Ariel Sacks, who is working on a book, reflects on the difficulties of being a teacher and writing about it at the same time:
Like Virginia Woolf argued in A Room of One's Own—a woman cannot be expected to write while she's cooking and taking care of children in a confined space. Her writing will suffer. I always hated that point, thinking it was narrowminded, but there was some truth to it. One needs mental space to bring the ideas out of the working memory and onto the paper. Space to focus on putting the words together. That process requires as much brain-power as creating materials for a lesson or a new seating plan. It is difficult to occupy both of those thought spaces at once.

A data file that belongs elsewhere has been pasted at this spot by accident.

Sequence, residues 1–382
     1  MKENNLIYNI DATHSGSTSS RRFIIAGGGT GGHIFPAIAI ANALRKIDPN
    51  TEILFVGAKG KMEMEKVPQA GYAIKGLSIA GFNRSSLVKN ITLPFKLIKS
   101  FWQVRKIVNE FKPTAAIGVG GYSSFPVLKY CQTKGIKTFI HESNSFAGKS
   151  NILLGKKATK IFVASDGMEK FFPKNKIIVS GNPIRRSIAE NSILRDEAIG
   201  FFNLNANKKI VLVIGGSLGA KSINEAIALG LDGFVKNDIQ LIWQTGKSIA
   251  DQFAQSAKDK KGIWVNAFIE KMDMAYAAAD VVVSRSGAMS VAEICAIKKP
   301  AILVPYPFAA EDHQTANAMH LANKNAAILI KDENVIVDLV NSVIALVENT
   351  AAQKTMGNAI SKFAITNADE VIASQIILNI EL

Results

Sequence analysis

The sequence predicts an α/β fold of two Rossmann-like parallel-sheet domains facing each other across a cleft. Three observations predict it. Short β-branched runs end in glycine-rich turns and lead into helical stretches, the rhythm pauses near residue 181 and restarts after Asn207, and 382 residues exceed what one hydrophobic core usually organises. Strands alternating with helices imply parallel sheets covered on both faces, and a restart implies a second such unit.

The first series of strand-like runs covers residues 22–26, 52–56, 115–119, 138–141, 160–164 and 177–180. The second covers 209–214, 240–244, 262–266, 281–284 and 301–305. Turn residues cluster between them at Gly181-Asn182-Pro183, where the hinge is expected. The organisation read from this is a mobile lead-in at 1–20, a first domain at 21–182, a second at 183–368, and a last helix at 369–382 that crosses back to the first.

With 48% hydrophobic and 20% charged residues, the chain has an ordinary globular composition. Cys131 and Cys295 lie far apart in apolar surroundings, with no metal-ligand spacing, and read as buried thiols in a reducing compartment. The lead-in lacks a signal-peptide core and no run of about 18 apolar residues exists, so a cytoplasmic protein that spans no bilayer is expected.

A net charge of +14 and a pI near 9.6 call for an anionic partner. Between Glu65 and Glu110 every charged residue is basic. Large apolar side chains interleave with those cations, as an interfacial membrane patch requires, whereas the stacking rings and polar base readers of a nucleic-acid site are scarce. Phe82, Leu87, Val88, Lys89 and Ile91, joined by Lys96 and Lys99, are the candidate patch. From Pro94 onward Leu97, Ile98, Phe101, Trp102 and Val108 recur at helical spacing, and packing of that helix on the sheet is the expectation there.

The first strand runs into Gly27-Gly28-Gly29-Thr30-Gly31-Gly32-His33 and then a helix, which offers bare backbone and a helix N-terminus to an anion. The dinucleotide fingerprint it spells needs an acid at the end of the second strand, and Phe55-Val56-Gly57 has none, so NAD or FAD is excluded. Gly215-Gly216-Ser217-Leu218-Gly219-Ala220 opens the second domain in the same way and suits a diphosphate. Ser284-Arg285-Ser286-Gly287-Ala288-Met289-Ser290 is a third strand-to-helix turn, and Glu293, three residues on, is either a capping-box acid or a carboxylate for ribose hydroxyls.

Yet she goes on to explain that, hard as it is, she believes writing also makes her a better teacher—insofar as it helps her to reflect on her practice, participate in professional dialogue, and better understand her subject area.
As it happens, Sacks has an excellent piece on teaching novels in the upcoming issue of our Teacher PD Sourcebook, which will be online early next month. (In fact, I feel a little guilty because, timing-wise, it’s quite possible that she wrote the above assent to Virginia Woolf just after working with us! It was a pretty tight deadline, I’m afraid ... ) Keep an eye out for it.
A version of this news article first appeared in the Teaching Now blog.